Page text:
The History of the Arizona Daily Wildcat

“Print the news, sound the alarm, and raise hell.” For 110 years, the Arizona (Daily) Wildcat has been doing just that.

The strong and often strident voice of student opinion has been heard through one form of student press or another at the University of Arizona’s campus since 1899. What began as little more than a family newsletter has matured into a professional daily morning newspaper with a 24/7 digital presence.

The remarkable growth of the official student newspaper of the University of Arizona closely parallels the rapid development of this, the last mainland state to join the union. The 1800’s were tumultuous years in the history of the Southwest. Most of Arizona was obtained from Mexico in 1848, after its defeat in the Mexican War; the rest of southern Arizona was included in the 1853 Gadsden Purchase. Arizona’s 113,900 square miles were organized into a territory 10 years later.

In 1896, William A. McKinley was President, and the Spanish-American War was raging. The great Apache leaders, Cochise and Geronimo, were fighting to stem the tide of whites who were invading their homeland and parceling it out at $1.56 an acre, but the battle was doomed from the start. The railroad had come to Arizona, the cattle industry was beginning to boom, mining held great promise, and new irrigation techniques were about the make the state agriculturally profitable. According to the 1900 census, the territory’s population was in excess of 122,000, up 100 percent from the 1890 tally.

In the midst of the turmoil, the University of Arizona was struggling to its feet in the dry heat of the Sonoran desert. The story of the clamor for legislative favor between the rivals Phoenix and Tucson and the compromise that granted the southern city the university and its northern sister the state’s mental institution now is legendary.

The university was founded in 1885, and in 1891, 32 students and six faculty members held their first commencement ceremony. By the time the 10th ceremony rolled around in 1901, there were 225 students and 19 faculty members. At that time, the precursor of today’s Arizona Daily Wildcat already had been established for two years.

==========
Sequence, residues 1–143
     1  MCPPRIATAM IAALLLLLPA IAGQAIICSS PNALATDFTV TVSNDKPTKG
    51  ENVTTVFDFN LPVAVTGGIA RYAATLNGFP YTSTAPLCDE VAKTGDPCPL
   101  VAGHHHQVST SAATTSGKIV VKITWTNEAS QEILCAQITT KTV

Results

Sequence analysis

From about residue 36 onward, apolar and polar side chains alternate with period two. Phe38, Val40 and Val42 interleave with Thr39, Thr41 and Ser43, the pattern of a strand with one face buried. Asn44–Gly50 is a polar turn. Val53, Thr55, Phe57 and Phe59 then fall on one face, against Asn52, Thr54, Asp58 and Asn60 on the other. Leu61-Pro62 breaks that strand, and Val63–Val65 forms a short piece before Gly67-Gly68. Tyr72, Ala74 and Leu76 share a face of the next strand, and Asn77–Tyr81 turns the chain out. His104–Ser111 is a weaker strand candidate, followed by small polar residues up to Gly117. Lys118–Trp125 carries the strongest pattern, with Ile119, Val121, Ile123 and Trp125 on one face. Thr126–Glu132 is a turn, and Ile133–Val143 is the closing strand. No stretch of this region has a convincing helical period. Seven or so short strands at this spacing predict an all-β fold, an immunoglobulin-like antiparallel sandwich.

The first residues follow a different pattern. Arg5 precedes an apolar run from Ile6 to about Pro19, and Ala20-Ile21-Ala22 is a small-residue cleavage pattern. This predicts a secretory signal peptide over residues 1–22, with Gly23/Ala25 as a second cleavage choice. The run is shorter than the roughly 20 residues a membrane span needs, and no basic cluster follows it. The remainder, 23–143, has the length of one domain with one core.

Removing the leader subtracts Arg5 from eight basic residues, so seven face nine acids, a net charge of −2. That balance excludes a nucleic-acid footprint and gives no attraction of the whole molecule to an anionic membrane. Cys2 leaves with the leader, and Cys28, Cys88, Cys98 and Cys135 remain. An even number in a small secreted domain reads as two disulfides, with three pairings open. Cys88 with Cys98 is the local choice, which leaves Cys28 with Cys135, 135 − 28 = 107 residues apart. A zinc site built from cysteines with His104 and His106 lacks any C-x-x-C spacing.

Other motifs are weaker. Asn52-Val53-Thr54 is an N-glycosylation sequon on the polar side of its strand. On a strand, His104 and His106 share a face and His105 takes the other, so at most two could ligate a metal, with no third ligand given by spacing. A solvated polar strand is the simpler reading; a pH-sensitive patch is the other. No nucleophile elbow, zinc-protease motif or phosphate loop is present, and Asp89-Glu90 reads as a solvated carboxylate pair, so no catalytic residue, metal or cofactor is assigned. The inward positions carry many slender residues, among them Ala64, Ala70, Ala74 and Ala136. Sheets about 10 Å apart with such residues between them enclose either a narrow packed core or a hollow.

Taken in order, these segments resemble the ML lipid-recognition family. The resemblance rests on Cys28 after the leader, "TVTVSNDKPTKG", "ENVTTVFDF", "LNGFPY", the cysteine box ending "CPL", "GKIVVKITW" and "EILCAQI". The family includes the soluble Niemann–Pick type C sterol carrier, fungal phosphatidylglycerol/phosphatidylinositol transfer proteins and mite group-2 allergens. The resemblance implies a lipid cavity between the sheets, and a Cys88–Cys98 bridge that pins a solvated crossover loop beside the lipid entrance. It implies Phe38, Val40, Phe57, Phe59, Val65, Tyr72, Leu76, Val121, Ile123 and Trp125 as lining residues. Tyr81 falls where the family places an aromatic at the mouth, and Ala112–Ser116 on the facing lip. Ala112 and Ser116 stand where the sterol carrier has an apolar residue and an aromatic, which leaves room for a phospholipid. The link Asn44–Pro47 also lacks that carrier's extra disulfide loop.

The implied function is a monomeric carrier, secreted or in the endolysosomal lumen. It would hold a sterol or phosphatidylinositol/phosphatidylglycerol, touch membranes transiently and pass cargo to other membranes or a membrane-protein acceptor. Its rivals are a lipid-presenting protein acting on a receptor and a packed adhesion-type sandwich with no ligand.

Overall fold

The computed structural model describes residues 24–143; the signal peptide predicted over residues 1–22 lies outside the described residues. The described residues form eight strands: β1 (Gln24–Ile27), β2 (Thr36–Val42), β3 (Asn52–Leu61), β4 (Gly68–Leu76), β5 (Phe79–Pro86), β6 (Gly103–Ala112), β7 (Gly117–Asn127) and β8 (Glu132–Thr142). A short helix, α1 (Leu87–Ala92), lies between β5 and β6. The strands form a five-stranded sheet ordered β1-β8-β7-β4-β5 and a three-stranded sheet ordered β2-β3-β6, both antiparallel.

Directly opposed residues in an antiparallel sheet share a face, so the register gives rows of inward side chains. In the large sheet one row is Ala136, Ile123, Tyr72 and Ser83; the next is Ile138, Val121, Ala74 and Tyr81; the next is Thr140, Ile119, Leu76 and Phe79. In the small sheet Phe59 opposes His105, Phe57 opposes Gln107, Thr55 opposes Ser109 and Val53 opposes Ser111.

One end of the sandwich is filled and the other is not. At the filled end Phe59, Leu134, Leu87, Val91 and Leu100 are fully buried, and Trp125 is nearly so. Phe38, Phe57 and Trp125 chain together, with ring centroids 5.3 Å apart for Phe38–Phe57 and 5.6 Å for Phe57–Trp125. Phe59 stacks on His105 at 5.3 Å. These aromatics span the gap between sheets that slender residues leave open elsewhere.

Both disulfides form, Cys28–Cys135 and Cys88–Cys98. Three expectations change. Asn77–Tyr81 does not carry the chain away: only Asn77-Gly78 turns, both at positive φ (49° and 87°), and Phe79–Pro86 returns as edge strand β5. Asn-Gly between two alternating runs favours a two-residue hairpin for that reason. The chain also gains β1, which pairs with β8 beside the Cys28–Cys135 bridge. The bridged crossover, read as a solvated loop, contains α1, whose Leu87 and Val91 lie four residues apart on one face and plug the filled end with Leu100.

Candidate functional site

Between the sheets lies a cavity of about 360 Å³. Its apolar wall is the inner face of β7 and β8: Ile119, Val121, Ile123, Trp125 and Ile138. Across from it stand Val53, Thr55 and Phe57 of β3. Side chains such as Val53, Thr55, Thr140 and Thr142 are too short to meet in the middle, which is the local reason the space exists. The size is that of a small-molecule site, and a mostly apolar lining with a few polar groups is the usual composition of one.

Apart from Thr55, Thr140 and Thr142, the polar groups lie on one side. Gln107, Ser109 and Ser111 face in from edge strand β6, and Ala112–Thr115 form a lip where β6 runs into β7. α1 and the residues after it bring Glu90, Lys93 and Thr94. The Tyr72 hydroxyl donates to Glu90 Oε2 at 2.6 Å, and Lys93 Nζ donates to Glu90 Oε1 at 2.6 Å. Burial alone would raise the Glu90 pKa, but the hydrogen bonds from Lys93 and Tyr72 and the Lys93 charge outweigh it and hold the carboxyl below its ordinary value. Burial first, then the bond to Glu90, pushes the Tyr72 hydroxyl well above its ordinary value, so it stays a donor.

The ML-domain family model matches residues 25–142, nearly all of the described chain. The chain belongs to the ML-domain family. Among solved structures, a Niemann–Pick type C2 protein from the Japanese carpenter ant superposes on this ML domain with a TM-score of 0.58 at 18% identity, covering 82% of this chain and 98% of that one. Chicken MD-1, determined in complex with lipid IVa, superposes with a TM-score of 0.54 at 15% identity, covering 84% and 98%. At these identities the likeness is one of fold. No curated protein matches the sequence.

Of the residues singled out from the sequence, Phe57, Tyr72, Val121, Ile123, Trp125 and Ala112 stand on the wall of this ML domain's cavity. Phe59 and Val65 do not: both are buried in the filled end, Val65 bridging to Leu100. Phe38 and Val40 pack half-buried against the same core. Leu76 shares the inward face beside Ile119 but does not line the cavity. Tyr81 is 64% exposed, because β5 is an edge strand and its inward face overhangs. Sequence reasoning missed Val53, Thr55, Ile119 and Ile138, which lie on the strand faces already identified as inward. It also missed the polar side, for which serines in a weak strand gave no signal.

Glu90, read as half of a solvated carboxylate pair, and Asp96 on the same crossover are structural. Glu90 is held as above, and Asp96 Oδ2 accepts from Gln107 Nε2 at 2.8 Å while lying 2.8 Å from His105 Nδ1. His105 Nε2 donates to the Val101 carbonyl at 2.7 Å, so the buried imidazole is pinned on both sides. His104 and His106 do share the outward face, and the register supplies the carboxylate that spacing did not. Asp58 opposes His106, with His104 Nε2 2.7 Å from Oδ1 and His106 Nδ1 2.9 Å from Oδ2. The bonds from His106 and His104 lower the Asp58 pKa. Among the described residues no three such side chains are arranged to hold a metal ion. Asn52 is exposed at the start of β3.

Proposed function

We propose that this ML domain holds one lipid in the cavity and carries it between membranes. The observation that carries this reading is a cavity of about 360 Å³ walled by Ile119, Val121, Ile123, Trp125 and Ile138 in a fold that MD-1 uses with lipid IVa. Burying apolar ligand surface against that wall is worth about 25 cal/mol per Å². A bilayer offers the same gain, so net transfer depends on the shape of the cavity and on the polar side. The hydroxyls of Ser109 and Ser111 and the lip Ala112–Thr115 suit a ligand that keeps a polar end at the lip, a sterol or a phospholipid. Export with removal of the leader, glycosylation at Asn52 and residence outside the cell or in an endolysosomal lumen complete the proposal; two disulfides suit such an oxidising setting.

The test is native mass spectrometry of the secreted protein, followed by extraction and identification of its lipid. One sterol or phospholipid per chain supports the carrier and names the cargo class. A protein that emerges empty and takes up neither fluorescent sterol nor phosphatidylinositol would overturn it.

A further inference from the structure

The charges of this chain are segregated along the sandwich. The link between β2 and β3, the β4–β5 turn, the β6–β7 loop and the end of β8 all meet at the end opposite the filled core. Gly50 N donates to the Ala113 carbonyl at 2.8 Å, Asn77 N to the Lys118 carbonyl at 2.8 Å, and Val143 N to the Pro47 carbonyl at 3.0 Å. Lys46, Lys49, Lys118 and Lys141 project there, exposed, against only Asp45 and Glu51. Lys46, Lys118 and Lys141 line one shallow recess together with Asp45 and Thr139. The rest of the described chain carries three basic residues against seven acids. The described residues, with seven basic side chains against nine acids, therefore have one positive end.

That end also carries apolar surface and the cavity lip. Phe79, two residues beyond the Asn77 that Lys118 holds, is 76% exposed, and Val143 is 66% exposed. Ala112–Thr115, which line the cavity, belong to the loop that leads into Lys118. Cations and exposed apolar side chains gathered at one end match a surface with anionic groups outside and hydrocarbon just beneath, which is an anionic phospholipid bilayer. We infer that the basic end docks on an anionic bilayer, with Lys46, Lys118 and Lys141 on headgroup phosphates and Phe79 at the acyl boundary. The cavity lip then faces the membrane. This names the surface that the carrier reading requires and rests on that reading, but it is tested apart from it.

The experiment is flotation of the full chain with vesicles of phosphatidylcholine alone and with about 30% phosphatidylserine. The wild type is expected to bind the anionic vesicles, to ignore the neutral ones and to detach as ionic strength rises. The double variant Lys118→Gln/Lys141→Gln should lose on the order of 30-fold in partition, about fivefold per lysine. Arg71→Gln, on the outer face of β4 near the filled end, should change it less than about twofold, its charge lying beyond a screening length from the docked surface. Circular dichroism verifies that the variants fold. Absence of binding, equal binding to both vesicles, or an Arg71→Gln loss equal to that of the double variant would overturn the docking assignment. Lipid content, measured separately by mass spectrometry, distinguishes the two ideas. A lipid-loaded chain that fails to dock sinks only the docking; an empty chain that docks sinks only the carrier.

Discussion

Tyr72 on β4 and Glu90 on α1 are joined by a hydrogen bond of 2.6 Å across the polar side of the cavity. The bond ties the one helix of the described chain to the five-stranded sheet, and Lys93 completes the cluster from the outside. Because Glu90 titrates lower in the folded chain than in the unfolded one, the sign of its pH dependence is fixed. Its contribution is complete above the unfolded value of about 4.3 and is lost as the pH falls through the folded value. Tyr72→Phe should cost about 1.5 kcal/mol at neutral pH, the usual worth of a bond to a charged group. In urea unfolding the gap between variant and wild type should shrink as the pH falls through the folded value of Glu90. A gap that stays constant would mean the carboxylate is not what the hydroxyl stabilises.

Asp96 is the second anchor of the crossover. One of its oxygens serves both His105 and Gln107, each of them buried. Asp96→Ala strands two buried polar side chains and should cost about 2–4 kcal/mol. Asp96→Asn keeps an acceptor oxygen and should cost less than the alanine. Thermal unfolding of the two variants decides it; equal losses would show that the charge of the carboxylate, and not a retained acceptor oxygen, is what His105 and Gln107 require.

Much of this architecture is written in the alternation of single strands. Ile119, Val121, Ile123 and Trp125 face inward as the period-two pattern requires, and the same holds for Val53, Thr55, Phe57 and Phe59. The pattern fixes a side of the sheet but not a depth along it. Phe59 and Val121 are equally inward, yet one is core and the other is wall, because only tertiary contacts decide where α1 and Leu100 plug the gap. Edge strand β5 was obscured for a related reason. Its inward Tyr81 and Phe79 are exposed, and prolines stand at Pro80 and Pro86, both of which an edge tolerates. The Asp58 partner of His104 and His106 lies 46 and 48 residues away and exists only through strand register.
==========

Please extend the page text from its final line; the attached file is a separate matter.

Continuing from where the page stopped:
Millard Mayhew Parker, the UA’s president from 1897 to 1901, was a hardworking administrator; during his tenure he established higher admission standards from nine to 12 units, got a new men’s dormitory, instituted four-year bachelor of science and philosophy programs, and strongly advocated the establishment of student press.

Under Parker’s urging, the first student publication, a monthly journal called Sage Green and Silver, made its debut in January 1899. A head-spinning series of name and format changes quickly followed.

Sage Green and Silver was renamed the University of Arizona Monthly Magazine on Nov. 1, 1900, and eight years later, in October, it became semi-monthly newspaper titled University Life.

University Life became Arizona Life in November 1910, and slipped back into a monthly magazine format. One year later, in November 1911, it again jumped to newspaper status as the Arizona Weekly Life, and in October of the following year it remained a weekly, but was renamed University Life. Its name and character remained relatively stable until 1915, when the masthead of the Arizona Wildcat first appeared.

In the early days of the Twentieth Century, the campus was small enough to allow everyone to know everyone else, and life there, as everywhere, was simpler, homier and more personal than today. The philosophy of those early publications reflected this lifestyle; they were very pro-student and pro-university. Their pages were filled with sports news, gossip, editorials calling for ever more and great student spirit and support, jokes, occasional poetry or vignettes, society tidbits and praises extolling the glory of the university and the excellence of the faculty, administrators and students. They were not “hard news” newspapers, and indeed did not claim to be anything more than a medium to entertain students and help them keep track of their extended university family and its doings.